A synagogue might be seen like a hotel in that a synagogue is a business that serves consumers. When a product is delivered, the customer pays – when the synagogue is closed – due to a pandemic or otherwise – he or she does not.

Both these parables find echoes in the following quote from a July 2020 JTA article:

Across the country, synagogues are bracing for a significant reduction in revenues. Though many are seeing increased attendance at virtual services, without the annual cash infusion that in-person High Holiday services bring, and with community members under financial pressure, congregations across the denominational spectrum aren’t sure how they’ll make ends meet this year.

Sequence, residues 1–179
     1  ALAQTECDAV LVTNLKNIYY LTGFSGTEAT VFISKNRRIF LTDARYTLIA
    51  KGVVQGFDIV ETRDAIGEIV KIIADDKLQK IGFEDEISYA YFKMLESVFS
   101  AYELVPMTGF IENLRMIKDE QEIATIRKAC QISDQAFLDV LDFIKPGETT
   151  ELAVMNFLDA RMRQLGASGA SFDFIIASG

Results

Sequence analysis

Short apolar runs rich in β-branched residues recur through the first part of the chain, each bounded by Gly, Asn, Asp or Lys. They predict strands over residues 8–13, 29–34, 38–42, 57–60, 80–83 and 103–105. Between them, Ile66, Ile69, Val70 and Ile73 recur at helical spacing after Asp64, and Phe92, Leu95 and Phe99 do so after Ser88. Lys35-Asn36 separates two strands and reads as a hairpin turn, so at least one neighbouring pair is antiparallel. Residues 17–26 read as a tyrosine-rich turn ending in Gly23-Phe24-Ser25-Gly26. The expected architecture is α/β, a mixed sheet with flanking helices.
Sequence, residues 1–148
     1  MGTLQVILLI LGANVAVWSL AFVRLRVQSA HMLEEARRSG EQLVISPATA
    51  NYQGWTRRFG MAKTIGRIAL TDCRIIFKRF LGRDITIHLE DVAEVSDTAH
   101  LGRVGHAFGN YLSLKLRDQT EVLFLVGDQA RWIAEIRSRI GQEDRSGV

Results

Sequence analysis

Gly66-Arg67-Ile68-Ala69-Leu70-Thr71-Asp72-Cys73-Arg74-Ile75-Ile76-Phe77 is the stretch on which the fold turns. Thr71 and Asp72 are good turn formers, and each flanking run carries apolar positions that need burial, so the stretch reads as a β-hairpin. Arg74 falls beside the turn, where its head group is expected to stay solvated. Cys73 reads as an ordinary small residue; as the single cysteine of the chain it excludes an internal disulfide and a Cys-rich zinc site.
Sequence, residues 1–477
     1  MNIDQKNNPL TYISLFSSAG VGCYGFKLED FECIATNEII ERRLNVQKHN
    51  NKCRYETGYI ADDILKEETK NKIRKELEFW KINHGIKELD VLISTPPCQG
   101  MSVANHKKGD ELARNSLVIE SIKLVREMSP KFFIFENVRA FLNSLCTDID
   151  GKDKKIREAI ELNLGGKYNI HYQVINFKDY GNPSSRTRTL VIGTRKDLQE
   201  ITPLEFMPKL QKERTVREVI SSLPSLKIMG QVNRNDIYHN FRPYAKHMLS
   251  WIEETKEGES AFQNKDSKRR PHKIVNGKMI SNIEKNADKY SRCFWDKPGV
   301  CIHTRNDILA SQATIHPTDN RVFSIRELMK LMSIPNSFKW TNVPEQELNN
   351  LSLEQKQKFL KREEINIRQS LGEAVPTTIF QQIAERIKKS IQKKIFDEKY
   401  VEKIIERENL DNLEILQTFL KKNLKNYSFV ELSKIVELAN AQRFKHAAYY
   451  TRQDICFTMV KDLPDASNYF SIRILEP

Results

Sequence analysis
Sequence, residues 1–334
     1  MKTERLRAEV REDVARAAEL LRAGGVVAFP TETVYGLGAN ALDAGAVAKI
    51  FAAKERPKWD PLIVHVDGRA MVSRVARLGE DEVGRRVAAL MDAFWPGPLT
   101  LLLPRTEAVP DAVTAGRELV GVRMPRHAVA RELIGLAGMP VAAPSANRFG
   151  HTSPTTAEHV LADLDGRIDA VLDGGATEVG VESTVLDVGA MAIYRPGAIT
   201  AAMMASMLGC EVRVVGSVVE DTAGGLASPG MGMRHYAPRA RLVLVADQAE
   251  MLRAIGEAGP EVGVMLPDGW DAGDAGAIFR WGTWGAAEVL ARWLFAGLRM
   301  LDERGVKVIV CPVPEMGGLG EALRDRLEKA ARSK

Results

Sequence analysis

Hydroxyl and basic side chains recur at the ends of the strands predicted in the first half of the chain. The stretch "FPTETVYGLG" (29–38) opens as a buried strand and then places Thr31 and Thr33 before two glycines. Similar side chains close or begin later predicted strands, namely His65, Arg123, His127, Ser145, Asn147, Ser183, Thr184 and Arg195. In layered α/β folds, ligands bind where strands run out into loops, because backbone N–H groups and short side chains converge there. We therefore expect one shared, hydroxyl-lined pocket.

At Shaarei Shomayim, these dire predictions did not come true. As a synagogue community, we are not a country house or a hotel. We have been, are and will be a home. In the midst of the crisis, new members joined us in support of our response and the values that our response reflects. Throughout the crisis, we came together. Throughout the crisis, we put the health (physical, social, spiritual and mental) of our people seriously. Whether our health allows us to come to shul or not, we have demonstrated that our Judaism is a part of who we are. In the early stages of the pandemic, we reached out to one another - seeking out those who were alone. For the high holidays, I turned to a great group of volunteers who stepped up in leading services. Many more reached out for guidance during this time for themselves, their families and their friends. At Kol Nidre, we launched the COVID-19 Emergency Campaign, which I initiated and led with the help of dedicated community members. We have already raised over half a million dollars from over 150 families. Yet, success is not in dollars. Success is in the commitment and connection that those dollars reflect.